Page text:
(3) Hancock was involved in an accident on Thursday at 5:30 AM on a road that had only two establishments (the Oz Strip Club and a 24 hour liquor store). While police report that they did not administer an alcohol assessment and stated that Hancock appered to be in control of his faculties -- there was not an absolute assuance that alcohol was not involved in some way. (see culture of alcohol abuse)

(4) Hancock showed up seriously late for a gamethe next day -- a day game against the Reds. He said publically that he overslept on a new mattress. It has been widely reported that he told Dave Campbell that LaRussa was pissed at him because he showed up so hung over. So what was reported publically was vastly different than what was known to be ture privately (see culture of alcohol abuse)

(5) Nothing was done to Hancock for missing work -- LaRussa said he talked sternly to Hancock about this issue. He went on to say, "maybe I didn't do that as well as I should". No fines or suspensions. (see culture of alcohol abuse)

(6) Hancock spent three hours at Shannons drinking. He was obviously drunk. Now Shannons is located about two blocks from Busch Stadium in St Louis. It is frequented by numerous players and baseball people. Clearly they knew that Hancock was in there getting blitzed and no one did or said anything about it (see culture of alcohol abuse).

(7) If u were just some guy who was deciding to drink yourself into oblivion, would you choose to do that in a place where many people who worked at your same team and many others associated with the team would see it in plain view. The answer is that the only wayyouwould make that choice is if you knew it would not create a problem for you with anyone within that organization. (see culture of alcohol abuse)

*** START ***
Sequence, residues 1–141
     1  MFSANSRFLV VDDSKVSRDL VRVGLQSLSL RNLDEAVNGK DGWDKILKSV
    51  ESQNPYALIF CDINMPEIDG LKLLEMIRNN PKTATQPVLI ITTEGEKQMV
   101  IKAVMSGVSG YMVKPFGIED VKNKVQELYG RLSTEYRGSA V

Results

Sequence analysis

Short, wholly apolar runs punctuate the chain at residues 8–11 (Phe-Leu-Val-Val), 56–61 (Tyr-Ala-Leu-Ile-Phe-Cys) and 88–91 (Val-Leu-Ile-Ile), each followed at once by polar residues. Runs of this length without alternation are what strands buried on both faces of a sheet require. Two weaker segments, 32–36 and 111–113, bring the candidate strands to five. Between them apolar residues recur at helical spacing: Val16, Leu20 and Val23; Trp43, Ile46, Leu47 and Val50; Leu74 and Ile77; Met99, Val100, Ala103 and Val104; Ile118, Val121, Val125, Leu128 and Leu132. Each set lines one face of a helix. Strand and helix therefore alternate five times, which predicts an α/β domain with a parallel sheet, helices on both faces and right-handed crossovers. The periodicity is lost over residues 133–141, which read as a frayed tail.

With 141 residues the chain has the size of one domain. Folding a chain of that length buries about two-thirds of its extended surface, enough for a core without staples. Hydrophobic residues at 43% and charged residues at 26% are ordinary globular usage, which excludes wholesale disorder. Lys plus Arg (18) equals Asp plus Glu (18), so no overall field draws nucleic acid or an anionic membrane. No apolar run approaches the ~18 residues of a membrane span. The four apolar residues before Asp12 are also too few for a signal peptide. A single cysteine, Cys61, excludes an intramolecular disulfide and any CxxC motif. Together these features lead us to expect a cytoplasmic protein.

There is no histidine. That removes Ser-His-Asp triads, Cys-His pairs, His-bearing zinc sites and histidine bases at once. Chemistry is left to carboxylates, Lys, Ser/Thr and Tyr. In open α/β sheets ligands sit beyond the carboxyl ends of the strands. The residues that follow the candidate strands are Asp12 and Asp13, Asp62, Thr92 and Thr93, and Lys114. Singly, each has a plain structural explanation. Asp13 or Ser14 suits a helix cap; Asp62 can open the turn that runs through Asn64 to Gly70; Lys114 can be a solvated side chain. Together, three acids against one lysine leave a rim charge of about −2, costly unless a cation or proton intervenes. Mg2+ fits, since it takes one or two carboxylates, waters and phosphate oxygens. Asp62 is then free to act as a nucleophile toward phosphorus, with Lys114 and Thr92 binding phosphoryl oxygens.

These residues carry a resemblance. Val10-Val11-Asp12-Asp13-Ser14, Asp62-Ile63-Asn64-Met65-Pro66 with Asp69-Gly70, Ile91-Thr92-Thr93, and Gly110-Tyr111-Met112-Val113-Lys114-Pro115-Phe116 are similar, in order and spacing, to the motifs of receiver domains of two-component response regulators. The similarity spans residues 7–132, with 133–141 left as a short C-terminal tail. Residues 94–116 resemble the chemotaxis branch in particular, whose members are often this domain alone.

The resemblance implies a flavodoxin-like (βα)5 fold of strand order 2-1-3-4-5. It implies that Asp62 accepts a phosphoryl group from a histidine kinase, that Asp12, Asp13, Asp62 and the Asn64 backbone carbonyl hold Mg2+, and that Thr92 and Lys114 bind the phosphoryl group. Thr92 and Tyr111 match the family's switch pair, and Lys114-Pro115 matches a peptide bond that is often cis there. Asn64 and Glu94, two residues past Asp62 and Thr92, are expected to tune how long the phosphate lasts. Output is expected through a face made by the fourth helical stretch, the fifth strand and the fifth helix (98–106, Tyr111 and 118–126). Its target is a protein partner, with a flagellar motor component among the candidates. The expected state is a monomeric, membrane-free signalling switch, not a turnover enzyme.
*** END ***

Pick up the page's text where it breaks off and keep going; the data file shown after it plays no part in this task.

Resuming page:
(8) It has been widely reported that Hancock was driving to yet another bar and was to meet up with a number of other Cardinal players (Jim Edmnds amng them. This is at 12:30 AM -- with Hancock's blood alcohol level already at twice the legal limit in Missouri (see culture of alcohol abuse)

Yes, Hancock made very poor decisions -- but I have heard enough and seen enough. There is/was a culture of alcohol abuse that existed and possibly still exists that certainly didn't help -- ad if anythng, made it easy for Hancock to make such poor decisions so as to cost him his life.

I don't mean to sound cruel, but for anyone to try to spin this any other way is to either be stupid, in complete denial or an active acoholic themselves.